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Maybe all 50 million just lack initiative, personal responsibility, that old American pluck separating National Review writers and American Enterprise Institute scholars from the unwashed masses. But were that the case, the problem would remain that the American labor market’s structure could not offer them good jobs even if they had made investments to pursue them. Confirming this are the tens of millions of Americans whom the Federal Reserve Bank of New York classifies as “underemployed,” because they have earned college degrees but are still in jobs where one is not typically held. Fully 40 percent of recent college graduates are underemployed, and that figure remains at one-third for all college graduates. As American Compass has documented in previous research, on The False Promise of Good Jobs, the United States is producing bachelor’s degrees at twice the rate the economy is producing jobs classified as requiring one.

The American labor market’s failure to produce family-supporting jobs is fundamental to the nation’s problems—both economic and social—and requires attack from all sides. Certainly, the safety net provides all manner of bad incentives. Certainly, many people are not pursuing opportunities available to them. But assuming that because those explanations could apply to any individual they can apply to each individual, without zooming out and recognizing they cannot possibly apply to most or all of them, is a basic cognitive error and leads toward “solutions” that do not scale.

What will it take to shift the American model of growth to one that generates the tens of millions of better jobs that our nation needs? Creating such jobs has to be the best path to achieving profit, a condition that plainly does not hold today. Any number of initiatives—from industrial policy that rewards hard investment to education policy that supports employer-led training—might help. But ultimately, there is no substitute for strengthening worker power, so that offering secure jobs becomes absolutely necessary to maintaining a workforce and earning any profit at all.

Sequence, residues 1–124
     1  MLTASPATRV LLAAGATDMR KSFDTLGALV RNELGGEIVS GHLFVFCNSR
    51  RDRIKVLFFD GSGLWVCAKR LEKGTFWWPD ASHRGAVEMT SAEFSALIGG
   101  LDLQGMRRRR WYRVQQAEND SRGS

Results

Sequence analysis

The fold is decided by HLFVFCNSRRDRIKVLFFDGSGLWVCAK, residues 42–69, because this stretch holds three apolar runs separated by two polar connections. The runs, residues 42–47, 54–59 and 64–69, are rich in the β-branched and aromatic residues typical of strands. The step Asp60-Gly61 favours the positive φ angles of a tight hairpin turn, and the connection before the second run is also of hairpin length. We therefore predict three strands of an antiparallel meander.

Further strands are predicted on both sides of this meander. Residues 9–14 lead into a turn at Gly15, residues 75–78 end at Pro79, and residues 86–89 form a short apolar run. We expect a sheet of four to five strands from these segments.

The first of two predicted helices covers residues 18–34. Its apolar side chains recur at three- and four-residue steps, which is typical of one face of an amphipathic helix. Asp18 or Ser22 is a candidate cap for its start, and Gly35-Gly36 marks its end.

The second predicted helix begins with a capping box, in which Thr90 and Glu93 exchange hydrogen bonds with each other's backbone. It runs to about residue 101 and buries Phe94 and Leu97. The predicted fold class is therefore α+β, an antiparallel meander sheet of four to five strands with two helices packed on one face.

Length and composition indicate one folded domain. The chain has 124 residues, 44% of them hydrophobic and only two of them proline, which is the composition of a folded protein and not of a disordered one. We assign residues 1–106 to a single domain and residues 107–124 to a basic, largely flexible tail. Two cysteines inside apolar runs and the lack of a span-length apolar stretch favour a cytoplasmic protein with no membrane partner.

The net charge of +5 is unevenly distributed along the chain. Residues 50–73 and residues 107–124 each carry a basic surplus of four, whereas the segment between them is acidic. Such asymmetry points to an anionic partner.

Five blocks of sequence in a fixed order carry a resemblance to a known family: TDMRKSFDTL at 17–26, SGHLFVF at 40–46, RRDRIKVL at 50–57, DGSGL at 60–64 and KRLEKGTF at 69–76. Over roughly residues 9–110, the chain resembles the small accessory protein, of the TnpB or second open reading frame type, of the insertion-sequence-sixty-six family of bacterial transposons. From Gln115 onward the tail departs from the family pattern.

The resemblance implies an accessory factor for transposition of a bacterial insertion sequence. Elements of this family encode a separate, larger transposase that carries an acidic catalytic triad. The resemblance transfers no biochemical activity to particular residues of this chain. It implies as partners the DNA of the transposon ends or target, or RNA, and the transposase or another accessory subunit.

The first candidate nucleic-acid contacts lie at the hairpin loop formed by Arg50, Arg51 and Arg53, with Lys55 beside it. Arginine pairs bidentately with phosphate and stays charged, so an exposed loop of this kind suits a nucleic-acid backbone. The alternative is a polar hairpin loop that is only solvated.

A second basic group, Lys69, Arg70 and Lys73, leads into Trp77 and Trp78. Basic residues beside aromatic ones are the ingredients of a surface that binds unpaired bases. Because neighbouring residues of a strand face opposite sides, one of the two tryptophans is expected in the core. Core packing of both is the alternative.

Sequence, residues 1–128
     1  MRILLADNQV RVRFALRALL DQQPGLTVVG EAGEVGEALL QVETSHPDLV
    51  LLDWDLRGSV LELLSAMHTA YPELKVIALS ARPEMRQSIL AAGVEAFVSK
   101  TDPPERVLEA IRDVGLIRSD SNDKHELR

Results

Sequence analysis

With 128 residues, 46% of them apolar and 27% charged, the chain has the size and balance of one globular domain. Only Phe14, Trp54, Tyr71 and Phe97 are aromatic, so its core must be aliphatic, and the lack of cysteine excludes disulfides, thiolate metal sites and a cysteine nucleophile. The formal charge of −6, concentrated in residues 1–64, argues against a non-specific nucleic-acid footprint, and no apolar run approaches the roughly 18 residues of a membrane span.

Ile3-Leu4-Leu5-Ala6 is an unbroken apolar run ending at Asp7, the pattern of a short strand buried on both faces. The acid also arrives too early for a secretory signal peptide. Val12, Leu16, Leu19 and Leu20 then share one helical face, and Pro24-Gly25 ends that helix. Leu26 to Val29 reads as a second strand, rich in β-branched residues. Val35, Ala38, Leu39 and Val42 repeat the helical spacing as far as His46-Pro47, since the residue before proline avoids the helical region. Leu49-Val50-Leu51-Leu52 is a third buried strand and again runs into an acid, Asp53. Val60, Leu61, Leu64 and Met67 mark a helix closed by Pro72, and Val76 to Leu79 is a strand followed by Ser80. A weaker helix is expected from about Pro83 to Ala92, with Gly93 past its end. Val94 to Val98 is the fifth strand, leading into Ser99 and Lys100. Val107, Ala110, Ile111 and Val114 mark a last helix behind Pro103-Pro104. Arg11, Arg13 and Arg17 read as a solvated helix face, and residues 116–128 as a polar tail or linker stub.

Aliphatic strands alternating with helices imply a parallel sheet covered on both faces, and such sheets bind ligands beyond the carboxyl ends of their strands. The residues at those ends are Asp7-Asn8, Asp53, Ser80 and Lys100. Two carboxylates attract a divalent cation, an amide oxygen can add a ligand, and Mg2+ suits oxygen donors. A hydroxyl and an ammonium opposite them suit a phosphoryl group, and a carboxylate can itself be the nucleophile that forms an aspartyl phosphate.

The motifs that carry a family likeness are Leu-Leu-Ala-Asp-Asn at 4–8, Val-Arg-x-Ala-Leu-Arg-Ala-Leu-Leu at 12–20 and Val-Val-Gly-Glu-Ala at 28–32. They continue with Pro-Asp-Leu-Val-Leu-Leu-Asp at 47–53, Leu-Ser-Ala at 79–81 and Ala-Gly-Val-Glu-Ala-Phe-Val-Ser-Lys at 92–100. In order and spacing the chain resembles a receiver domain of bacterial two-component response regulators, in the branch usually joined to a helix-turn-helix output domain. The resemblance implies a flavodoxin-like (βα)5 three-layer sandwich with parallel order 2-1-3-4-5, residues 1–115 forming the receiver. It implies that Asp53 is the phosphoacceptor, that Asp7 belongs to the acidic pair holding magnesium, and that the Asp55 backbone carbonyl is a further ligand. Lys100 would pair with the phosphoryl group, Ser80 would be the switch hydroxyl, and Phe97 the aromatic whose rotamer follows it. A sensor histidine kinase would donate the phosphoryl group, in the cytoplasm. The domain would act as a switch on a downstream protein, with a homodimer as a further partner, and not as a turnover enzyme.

Both labor and immigration policy can play leading roles here. Workers achieve better pay, conditions, and labor-management relations when they are able to act collectively and collaboratively. America’s 1930s labor laws have proven dysfunctional, and Big Labor a corrosive force, but the Republican Party’s inclination to cheer on the labor movement’s demise is no solution at all. Reform should instead focus on supporting the creation of unions and other worker organizations that can represent workers effectively.

The flow of unskilled and easily exploited workers into the labor market, meanwhile, must end. Immigration can bring many benefits to an economy, but when it supplies labor to fill insecure jobs it creates the wrong incentives for employers and undercuts workers already here. Congress should end low-wage guest-worker programs, focus permanent immigration on workers in high-wage segments of the market, and impose draconian penalties on employers who violate the law and hire illegally. 

The business lobby will scream “labor shortage” and complain about “jobs Americans won’t do,” supported every step of the way by economists who conveniently forget economics whenever workers are involved. In fact, there is no such thing as a labor shortage, only employers whose business models are unresponsive to market conditions; they should innovate. “Jobs Americans won’t do” exist only when that is what employers create; they should stop. Labor Day can be for celebrating market forces, too.